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Guttormsen records highest jump ever by Ivy League pole vaulter, eyes Olympics

<h5>Sondre Guttormsen in the air during a pole vault competition.&nbsp;</h5>
<h6>Courtesy of Kristin Guttormsen.</h6>
Sondre Guttormsen in the air during a pole vault competition. 
Courtesy of Kristin Guttormsen.

Sondre Guttormsen, a sophomore pole vaulter on the Princeton men’s track and field team, cleared 5.66m (18’7”) in the pole vault on Saturday in Gothenburg, Sweden, during his first competition of 2021. 

The jump was the highest ever by an Ivy League pole vaulter and set a Gothenburg stadium record. 

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Guttormsen transferred to Princeton in the fall from the University of California Los Angeles (UCLA), joining his younger brother — Simen Guttormsen — who is also a sophomore pole vaulter on Princeton’s track and field team.

“My first year at Princeton has been very different from what I expected,”  Guttormsen said. “It feels weird to be enrolled and to be a part of a school that I have never been to but everyone I have ‘met’ so far have been very welcoming.”

As a freshman at UCLA, Guttormsen won a Pac-12 individual title after clearing 5.36m (17’7”) at the 2019 Pac-12 Outdoor Championships. He earned Second Team All-American honors after placing ninth at the 2019 NCAA Outdoor Championships with a jump of 5.60m (18’4.5”). Although enrolled at Princeton, Guttormsen currently trains in and competes for his home country, Norway.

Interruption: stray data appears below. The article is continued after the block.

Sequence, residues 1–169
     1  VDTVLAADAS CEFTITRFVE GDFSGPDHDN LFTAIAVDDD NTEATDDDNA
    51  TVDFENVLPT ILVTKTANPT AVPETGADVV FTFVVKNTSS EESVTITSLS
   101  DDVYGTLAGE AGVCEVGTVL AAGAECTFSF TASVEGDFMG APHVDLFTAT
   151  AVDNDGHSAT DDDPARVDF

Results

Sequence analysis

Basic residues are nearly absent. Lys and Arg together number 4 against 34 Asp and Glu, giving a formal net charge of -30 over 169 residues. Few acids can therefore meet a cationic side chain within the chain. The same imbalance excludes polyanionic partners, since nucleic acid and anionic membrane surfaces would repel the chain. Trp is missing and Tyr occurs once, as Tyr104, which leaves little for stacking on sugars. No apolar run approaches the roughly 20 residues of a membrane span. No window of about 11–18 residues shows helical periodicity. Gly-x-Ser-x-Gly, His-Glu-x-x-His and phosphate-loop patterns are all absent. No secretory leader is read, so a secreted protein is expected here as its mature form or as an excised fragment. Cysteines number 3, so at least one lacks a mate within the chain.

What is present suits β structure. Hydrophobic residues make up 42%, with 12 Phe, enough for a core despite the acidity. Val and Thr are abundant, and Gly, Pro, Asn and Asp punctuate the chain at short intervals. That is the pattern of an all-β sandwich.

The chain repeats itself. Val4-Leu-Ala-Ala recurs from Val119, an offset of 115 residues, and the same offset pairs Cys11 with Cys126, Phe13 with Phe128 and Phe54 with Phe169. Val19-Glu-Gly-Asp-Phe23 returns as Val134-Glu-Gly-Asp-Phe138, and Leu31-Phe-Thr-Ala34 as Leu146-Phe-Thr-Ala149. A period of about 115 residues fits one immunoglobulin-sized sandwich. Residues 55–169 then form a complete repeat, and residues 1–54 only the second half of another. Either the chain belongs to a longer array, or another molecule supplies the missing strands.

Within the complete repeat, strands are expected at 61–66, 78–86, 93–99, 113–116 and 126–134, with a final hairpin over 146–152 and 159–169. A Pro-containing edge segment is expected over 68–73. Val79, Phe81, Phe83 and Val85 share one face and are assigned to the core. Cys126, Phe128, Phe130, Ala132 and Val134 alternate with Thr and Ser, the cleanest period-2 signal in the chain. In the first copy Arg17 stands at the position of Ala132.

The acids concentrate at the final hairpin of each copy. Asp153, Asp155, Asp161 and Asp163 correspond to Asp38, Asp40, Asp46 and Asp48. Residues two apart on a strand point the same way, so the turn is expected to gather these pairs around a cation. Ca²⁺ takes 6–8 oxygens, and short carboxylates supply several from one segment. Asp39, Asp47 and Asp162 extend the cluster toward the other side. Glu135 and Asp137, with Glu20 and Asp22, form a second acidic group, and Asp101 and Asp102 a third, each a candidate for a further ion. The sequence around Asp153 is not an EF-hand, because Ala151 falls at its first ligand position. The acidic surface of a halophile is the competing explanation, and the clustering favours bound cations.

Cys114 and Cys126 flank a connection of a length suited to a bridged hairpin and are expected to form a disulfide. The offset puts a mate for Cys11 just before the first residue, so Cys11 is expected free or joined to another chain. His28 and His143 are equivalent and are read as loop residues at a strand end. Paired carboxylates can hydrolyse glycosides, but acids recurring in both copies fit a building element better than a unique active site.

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“From an athletic point of view, I have been lucky enough to have access to training facilities and I have both a coach and training group in my home town Ski, Norway.”

Guttormsen holds the Norwegian national record in pole vault (5.80m/19’0.5“), which he achieved in July 2019 in Leverkusen, Germany. As of Jan. 5, he is ranked 23rd in the world in pole vaulting, according to World Athletic, and has his sights set on the 2021 Olympics in Tokyo.

“Yesterday was my first meet of 2021 and I am very happy about my performance (5.66m). It is my highest ever season opener which is promising for this very important year, with the Olympic Games being scheduled for August.”

Guttormsen will continue to train in Norway and compete throughout Europe in the spring. Though grateful for the opportunity to have a competitive season, Guttormsen is looking forward to being on campus and sporting a Princeton uniform.

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“Although I am happy to be able to compete under these circumstances, I really wish and hope I get to put on the Princeton jersey soon,”  Guttormsen said. “As a transfer student-athlete my time at Princeton is limited and while I would understand a decision to cancel the Ivy League outdoor track season, I hope they are able to figure out a way where we can compete and represent our school.”

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